Artistic friendships

I have a great friend I’ll call W for writer.  We worked together for six years in marketing at a high-tech company and respected each other very much.  I wouldn’t say we were “friends” at the time; in fact, we didn’t always agree on everything at work for a long time, until our last year at the company.  We were thrust into a difficult project together and realized we made a terrific messaging team.  We both left the company soon after, and it was then that we realized we had something even more meaningful in common:  we were both artists struggling to do our art.

I was in the middle of working my way through Julia Cameron’s The Artist’s Way three years ago when W and I had lunch one day.  I recommended he pick up the book.  It resonated with him as much as it had with me, and a friendship and kinship developed that I’m sure will last a lifetime.  Today, W and I meet regularly to discuss progress (or not) with our art (my painting, his writing), how we go about practicing the art of marketing at work (or not, depending on the week), and how to make our dreams and aspirations achievable.  W and I nudge each other to face truths, but we do so in a very kind, supportive, and gentle manner.

During our last lunch, we wondered aloud if we are too kind, too supportive, and too gentle with each other.  We joked that we should step up our interactions to “gentle goading,” and, after some silence on email ensued over the next few days, I joked that I was stepping it up further to harassment.  This comical exchange got me thinking about the role W and I play for each other.  We’re not each other’s mentor.  We’re not teaching each other or guiding each other.  We’re not coaches either.  We don’t cheer when things go well or get down to business and problem-solve when things go wrong.  And we’re not advocates or champions – we’re not promoting each other or our art to others, even though we adore the art each produces.  While we don’t need a label, I’m seeking one because I think every artist needs their W.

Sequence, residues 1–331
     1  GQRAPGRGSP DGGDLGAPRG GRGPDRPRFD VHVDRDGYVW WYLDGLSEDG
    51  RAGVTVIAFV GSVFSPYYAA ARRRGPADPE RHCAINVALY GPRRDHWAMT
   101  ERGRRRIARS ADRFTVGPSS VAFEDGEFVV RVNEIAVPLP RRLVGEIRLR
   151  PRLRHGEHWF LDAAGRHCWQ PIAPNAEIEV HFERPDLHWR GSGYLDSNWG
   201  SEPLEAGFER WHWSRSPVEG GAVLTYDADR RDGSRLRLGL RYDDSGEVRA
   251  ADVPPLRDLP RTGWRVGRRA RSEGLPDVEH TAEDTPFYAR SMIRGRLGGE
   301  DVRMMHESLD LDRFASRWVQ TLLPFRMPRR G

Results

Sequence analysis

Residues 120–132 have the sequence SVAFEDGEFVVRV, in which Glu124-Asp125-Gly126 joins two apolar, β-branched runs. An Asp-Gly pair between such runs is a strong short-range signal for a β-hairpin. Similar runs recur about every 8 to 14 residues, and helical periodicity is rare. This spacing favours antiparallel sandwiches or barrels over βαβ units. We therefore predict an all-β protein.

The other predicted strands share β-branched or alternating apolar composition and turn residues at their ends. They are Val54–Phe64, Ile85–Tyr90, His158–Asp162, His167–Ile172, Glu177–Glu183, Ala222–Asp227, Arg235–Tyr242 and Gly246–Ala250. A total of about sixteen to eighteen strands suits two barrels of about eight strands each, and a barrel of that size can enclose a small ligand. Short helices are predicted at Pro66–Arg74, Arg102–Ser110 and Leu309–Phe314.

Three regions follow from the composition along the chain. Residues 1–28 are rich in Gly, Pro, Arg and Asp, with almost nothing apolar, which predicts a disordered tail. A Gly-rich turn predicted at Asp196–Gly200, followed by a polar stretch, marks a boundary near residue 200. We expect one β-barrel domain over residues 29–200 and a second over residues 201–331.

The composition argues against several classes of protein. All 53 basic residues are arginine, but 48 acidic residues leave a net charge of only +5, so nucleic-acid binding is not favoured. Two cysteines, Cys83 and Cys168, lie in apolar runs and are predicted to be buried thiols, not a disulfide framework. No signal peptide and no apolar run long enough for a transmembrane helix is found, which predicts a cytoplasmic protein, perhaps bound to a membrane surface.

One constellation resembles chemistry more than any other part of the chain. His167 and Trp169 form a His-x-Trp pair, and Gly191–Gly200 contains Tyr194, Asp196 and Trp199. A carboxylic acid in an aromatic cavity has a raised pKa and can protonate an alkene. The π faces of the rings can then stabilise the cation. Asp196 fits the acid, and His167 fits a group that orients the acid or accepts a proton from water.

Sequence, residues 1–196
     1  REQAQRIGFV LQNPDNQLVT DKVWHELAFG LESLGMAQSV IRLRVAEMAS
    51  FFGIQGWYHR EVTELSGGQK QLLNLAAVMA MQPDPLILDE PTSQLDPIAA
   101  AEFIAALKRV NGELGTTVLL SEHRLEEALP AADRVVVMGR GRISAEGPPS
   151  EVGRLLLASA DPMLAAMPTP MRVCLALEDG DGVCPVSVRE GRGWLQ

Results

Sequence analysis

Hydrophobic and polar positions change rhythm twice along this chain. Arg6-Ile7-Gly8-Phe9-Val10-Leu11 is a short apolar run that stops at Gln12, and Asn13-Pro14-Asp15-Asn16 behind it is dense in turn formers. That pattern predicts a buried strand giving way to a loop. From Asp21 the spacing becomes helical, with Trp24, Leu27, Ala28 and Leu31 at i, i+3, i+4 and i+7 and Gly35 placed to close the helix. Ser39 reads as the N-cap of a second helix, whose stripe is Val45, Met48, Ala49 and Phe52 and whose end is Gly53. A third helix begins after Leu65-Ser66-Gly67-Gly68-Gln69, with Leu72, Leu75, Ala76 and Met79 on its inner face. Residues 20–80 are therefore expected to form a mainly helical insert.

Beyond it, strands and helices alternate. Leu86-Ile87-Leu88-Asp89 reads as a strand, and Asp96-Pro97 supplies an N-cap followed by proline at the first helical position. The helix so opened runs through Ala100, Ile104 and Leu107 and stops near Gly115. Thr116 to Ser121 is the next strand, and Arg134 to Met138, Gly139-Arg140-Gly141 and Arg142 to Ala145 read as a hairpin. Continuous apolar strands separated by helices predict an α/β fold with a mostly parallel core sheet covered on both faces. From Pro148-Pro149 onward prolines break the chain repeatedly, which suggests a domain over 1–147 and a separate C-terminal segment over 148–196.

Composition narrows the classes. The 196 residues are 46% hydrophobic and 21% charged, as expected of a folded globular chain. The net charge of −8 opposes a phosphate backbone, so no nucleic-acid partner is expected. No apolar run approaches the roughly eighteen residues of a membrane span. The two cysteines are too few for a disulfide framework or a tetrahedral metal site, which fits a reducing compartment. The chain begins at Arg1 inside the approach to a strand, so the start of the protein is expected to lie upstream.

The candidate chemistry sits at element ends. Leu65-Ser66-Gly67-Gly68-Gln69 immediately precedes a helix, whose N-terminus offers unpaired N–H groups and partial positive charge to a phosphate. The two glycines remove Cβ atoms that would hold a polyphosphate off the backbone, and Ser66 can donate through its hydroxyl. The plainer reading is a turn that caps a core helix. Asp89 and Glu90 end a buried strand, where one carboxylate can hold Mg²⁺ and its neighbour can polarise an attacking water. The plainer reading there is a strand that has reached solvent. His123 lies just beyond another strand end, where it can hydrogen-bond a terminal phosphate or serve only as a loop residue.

I think we are artistic mirrors.  We are able to reflect each other’s artistic joys and anxieties with no judgment whatsoever.  We help each other get out of creativity funks, we share books and insights we’ve read that almost always lead to a revelation of some sort, and we talk about our ups and downs, always offering gentle counsel, even when it’s the same issue time and again.  It is two-way trust.  Neither of us monopolizes the conversation or loses patience with the other.

An artistic friendship such as this is powered by mutual respect, empathy, and a shared vision.  W makes me want to be a better artist, a better marketer, to pursue my dreams…without feeling bad about myself if I’m not hitting it on all cylinders.  Said plainly, W just gets me as an artist and I get him as an artist.  We are very lucky.

How about you?  Do you have a deep artistic friendship that keeps you motivated, inspired, and grounded?

2 thoughts on “Artistic friendships

  1. Seth Knievel

    Wow! Really well put. I am a writer myself and I have to agree that without my “W” I would not be half of the writer I am today. I think, in general, having a friend who is there for you, what every hobby you are into, will help you to persevere. I really liked how you portrayed the wonderful relationship that occurs between two people with common interests, thank you for enlightening me. 😀

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